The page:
I am not making the argument that there should be no politics or sociology or philosophy in English. And I don't actually see how one could have language analysis without history. But those other disciplines should be subordinate to what we should be able to do best: analyze language, narrative and culture in ways that are not easily accessible to political scientists, sociologists or philosophers. Our game should be played on our home field. [Drout]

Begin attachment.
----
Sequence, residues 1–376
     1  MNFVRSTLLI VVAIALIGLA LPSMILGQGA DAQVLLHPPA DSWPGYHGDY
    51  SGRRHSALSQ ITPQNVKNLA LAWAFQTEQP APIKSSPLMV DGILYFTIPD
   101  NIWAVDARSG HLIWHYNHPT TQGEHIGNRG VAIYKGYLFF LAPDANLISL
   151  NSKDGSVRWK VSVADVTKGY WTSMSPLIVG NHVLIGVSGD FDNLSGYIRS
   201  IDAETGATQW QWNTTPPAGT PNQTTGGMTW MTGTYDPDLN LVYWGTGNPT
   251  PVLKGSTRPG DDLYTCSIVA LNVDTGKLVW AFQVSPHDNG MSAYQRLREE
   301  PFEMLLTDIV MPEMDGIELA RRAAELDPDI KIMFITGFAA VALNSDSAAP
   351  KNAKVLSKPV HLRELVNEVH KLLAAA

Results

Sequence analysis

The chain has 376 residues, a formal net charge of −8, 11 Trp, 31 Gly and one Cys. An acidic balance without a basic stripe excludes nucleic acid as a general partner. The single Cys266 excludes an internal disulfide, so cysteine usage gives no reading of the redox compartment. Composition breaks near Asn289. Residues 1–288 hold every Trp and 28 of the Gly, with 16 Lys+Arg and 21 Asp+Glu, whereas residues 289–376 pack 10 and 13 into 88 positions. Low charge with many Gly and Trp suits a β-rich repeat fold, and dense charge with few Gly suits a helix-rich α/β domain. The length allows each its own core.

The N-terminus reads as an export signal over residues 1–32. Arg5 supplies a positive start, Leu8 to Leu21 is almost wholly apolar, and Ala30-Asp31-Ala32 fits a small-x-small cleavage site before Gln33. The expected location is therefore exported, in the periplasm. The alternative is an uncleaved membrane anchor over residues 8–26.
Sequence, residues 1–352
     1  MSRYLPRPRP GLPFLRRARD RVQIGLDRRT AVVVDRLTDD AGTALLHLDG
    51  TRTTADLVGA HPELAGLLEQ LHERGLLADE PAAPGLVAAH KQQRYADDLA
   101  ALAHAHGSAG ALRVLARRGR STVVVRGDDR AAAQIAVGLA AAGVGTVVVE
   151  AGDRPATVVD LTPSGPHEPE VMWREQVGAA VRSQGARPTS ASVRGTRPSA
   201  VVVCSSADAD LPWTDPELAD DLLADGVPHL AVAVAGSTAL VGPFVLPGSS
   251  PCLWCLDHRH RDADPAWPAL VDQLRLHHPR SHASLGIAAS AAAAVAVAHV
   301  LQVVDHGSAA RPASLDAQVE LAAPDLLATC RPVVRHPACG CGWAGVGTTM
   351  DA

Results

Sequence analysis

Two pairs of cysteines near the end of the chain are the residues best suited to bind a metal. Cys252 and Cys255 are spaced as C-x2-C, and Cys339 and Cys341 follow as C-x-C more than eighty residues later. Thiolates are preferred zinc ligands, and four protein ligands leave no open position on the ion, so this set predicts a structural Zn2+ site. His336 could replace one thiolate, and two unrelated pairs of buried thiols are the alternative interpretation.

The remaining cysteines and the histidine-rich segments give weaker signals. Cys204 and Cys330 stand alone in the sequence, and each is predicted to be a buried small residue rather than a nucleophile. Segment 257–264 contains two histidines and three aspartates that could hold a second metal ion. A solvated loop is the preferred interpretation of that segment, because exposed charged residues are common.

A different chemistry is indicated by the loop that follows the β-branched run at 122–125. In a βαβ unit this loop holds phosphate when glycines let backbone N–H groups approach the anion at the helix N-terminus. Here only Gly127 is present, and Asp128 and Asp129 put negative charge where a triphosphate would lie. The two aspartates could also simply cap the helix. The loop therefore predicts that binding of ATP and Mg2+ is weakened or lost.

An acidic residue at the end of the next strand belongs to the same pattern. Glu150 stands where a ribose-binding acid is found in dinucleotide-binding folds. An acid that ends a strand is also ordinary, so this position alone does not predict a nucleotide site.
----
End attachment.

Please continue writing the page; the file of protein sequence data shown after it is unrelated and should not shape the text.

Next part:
Michael Drout is by no means a conservative troglodyte in his scholarship, and anyone familiar with his work knows, as Tiruncula notes on her post [cited above], that he is not someone who just "does philology." He is as interested in politics and culture and history as he is in language, and he is adept at crossing disciplines in interesting and creative ways, but his comments above, similar to those of Richard Nokes, also cited above, belie a kind of lament for the idea that, somehow, language doesn't matter to us, as scholars of literature [whether medieval or modern], as much as it should, and further, that, somehow, language is so primary that it precedes everything else: history, culture, politics, identity, etc. And, like many laments of this type that I have tired of hearing ever since I was in graduate school [early to mid-1990s], it both exercises the either/or fallacy [either we're language study experts or we are pseudo-scholars pretending to know things we can't possibly know if we're not langauge experts first] while at the same time declaiming that what it really desires is both/and [of course we should talk about history and culture and politics and philosophy but only from the perspective of a language expert--wouldn't that be the best of both worlds?]. Because Michael Drout is, in fact, a language expert [much more so than I am, that's for damn sure], and I admire his expertise in that area, he is also very comfortable throwing around his disciplinary linguistics knowledge in order to criticize a paper he heard in the field of contemporary ethnic literature [see the link above to the post "An Example"]. Indeed, he claims that, due to that paper's seeming lack of engagement with "real" language study, it possesses a "hideous lacuna" at its center--while at the same time, he does not acknowledge work being done in the cognitive sciences that is challenging the idea that, as he would have it, language is not "situated" in any meaningful sense. For starters, it is situated in a human body, which is itself always situated somewhere, and that, my friend, is fucking meaningful. And even if it's true that Grimm's and Verner's and other semantics "laws" supposedly point to always-verifiable-and-unchanging-over-time "truths" or "facts," what to do with such knowledge? Is language reducible, then, to a kind of mathematics--in other words, is it really that abstract? Are we really going to claim, after all this time, that language study is a science? In some ways, this points to what Drout's arguments are really all about: techne versus arche.